For the first time in two years, fireworks will explode over East Ferry to commemorate American independence from Great Britain.
The event is scheduled for July 3 with the Next Stop Band providing live entertainment at Veterans Memorial Square. Jamestown resident Bob Bailey, who helped organize the display annually from 2007-19 as a member of the Rocket ’hogs, will return to his duties.
According to Bailey, TPG Marinas, which purchased Conanicut Marine in December, asked about being a corporate sponsor for the event following the two-year hiatus due to the coronavirus pandemic.
“They wanted to see if we could rekindle it and get it back on the event calendar,” he said.
Despite Bailey’s participation, the Rocket ’hogs are not making a full-fledged return aside from “lending a hand” and using their social media pages to promote the fireworks. The town’s recreation department and chamber of commerce are collaborating as the technical hosts.
Ray DeFalco, director of parks and recreation, has not seen fireworks at East Ferry since he was hired in April 2021. Conversations with Town Administrator Jamie Hainsworth and Police Chief Ed Mello began in February about a return of the event.
“There’s a lot of people involved in these conversations,” DeFalco said. “Because the townspeople love it so much, we wanted to make sure that if people from the community didn’t have the time or the resources to get it going, the town would back the people who have done it in the past and make sure it happens.”
The display will be conducted by the Pyrotecnico company from Pennsylvania. The barge that will be used to launch the fireworks will be provided by Borden Light Marine of Fall River, Mass., and it will be located due east of the marina. The display will be about 25 minutes in length, and the date will not conflict with the Newport show scheduled for Independence Day.
Before the explosive show commences at 9 p.m., the Next Stop Band will perform from 7:30-9. The rock group was recommended by Bailey because its lineup features former Jamestown resident John Titmas. The Jamestown Community Band also is scheduled to perform. Bailey, a local Realtor, said he hopes the display is a boon for the commercial district. With the event three months away, DeFalco and Bailey still are planning to solicit more businesses along Conanicus and Narragansett avenues to participate.
“We really want to see the businesses do well,” Bailey said. “Many businesses are coming on board this year for the first time. We hope that by having this event, it will put Jamestown back on the map for people to continue to come back to during the summer.”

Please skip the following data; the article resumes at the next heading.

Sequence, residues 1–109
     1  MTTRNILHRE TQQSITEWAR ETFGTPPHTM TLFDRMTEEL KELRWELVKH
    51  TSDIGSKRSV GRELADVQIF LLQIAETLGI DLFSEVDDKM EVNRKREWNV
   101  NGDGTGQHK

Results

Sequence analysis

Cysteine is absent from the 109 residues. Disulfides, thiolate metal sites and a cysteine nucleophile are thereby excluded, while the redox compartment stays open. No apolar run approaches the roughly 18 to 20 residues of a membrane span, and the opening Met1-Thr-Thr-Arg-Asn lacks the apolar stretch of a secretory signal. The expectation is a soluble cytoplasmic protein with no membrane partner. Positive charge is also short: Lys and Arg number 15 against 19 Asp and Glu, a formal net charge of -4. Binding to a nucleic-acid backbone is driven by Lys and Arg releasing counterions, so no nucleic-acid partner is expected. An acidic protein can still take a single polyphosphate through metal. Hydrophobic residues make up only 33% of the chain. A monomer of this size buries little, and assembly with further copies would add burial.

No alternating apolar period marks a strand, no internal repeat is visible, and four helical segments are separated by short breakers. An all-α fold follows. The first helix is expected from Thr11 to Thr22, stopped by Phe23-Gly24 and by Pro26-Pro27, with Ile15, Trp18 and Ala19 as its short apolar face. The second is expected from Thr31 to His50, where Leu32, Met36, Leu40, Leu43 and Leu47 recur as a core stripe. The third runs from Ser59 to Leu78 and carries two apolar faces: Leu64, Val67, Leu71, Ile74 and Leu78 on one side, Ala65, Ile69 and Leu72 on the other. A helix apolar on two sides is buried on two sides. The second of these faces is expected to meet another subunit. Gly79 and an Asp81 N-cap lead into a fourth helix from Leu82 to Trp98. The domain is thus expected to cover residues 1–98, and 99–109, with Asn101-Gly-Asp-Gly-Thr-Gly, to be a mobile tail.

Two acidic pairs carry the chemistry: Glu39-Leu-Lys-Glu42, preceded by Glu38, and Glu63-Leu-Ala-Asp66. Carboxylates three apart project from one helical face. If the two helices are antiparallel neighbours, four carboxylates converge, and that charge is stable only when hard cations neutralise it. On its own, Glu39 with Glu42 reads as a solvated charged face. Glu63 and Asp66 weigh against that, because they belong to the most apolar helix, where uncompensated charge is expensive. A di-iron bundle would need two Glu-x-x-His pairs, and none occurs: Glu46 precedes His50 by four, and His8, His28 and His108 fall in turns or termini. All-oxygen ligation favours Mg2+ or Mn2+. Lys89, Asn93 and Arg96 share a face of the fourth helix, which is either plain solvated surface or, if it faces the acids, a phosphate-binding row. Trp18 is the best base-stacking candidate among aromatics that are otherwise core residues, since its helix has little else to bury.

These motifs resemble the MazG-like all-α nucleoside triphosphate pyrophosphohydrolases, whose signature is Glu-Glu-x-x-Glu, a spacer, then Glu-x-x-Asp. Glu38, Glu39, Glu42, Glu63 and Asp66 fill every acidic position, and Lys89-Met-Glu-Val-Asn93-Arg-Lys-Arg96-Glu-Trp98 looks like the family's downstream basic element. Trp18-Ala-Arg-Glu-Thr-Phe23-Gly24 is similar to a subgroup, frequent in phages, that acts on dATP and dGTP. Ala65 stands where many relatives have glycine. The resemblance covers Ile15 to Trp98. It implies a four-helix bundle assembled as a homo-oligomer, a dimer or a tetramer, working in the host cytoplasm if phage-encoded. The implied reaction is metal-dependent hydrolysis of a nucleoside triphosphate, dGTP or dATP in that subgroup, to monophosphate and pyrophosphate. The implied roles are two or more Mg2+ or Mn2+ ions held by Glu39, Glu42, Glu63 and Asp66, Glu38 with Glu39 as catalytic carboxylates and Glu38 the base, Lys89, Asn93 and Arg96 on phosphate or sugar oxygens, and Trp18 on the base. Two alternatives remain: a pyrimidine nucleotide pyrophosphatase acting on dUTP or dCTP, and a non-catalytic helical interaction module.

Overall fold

“We’re trying to get local businesses to either stay open or participate in some way,” added DeFalco.
So far, Bailey said he has received pledges from two forthcoming restaurants. They are Beech, which is opening at the former site of Simpatico, and JB’s on the Water, the new tenant at the Bay Voyage.
“We’re looking for corporate sponsorships and local residents to support the aspects so that the expense is not on taxpayers,” Bailey said.
In the past, the fireworks were a public-private partnership with the Rocket ’hogs soliciting donations, scheduling the event, and hiring the pyrotechnic company, barge contractor, and live performers. The town was responsible for collecting the money and insuring the event. That was done because the Rocket ’hogs were not a 501(c)(3) nonprofit corporation, and using the municipal account allowed the event to be tax-deductible.
The shows in 2020 and ’21 were canceled due to the pandemic, and DeFalco said contingencies will be discussed if Rhode Island experiences another COVID-19 uptick. DeFalco, however, does not foresee this happening.
“It’s an outside event,” he said. “Generally, in the summer as people get outside, things are a little safer.”
In 2020, just before the COVID 19 pandemic hit Rhode Island, Jamestown residents Barbara Szepatowski and Tom McNiff accepted organizing duties from the retiring Rocket ’hogs. They remarketed the event as JTown Lights & Magic, but both of their shows were scuttled because of the virus.
Despite their past efforts, which were canceled to no fault of their own, Szepatowski and McNiff are not the primary hosts for the 2022 event. Bailey said it is simpler logistically for the town to host the show.
“Rather than get back into a new group to organize it, the town really wants to be the lead sponsor,” he said.
Along with McNiff, Szepatowski said she has offered to assist with the event. It is too early, however, to determine how much help will be needed. Szepatowski said they “hope to do it in the future,” but if not, “So be it. As long as we have it.”